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Doomed Amtrak Train Ran Red Light

July 1, 1999

JACKSONVILLE, Fla. (AP) _ The engineer of one of the two Amtrak trains that collided early Thursday ignored a red light just seconds before the wreck, which injured eight passengers, a federal investigator said.

``I made a bad mistake. I made a bad judgment,″ the engineer radioed from the cab of his southbound Silver Palm, according to Russ Gober, lead investigator for the National Transportation Safety Board.

Eight people were injured when the trains hit at 3 a.m.

Modesto Romero, his wife Maria, and their two children were asleep in a cabin when Mrs. Romero tumbled to the floor.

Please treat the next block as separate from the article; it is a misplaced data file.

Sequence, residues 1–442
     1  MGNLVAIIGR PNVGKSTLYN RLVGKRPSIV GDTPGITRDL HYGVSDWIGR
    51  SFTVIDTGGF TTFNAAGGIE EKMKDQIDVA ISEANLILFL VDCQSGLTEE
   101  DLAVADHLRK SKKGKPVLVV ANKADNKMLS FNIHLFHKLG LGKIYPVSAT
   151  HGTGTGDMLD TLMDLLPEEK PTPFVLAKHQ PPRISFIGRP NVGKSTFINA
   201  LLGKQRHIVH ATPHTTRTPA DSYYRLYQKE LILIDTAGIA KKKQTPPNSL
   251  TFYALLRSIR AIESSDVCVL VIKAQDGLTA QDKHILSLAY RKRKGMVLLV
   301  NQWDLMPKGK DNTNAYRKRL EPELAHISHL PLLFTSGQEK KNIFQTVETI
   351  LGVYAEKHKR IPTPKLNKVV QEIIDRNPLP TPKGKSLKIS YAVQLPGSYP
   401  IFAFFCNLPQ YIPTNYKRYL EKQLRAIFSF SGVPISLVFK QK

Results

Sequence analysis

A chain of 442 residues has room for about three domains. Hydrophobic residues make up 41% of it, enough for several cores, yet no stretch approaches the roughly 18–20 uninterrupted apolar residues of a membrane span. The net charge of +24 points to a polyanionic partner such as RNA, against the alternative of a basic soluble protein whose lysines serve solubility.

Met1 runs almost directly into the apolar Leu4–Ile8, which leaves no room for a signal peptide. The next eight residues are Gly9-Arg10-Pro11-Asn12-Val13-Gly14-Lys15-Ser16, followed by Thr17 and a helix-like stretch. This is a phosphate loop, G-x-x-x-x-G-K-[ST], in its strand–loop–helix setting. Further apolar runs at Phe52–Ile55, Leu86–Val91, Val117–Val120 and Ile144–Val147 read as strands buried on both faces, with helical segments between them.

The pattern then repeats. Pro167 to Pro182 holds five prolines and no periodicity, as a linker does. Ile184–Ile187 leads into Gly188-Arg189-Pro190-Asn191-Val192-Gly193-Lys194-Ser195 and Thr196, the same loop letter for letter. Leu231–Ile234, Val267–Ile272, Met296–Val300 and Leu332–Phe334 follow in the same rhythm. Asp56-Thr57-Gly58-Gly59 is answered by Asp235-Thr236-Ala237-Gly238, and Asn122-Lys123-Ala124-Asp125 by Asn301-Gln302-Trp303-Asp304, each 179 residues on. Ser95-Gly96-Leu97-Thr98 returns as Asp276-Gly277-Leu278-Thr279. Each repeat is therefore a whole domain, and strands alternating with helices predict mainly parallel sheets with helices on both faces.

``I was asleep and then I heard my wife. I jumped up and held up the top bunk where my kids were sleeping,″ said Romero. ``They were a little scared.″

One train was headed to Miami from New York City, while the other was on its way to New York City from Miami. The trains, both called the Silver Palm, were carrying a combined 300 passengers.

The southbound train, traveling at 55 mph, slammed into the northbound Amtrak train, which was moving onto a side track off the main rail at 14 mph, Gober said. Four locomotives and seven cars derailed.

Passenger Rhodell Green of Hollywood said the wreck jolted her out of her seat.

``I didn’t know what happened. It felt like just a big hit,″ Ms. Green said. ``I thought we had run over a truck or something.″

The injured passengers were treated for cuts and bruises and released.

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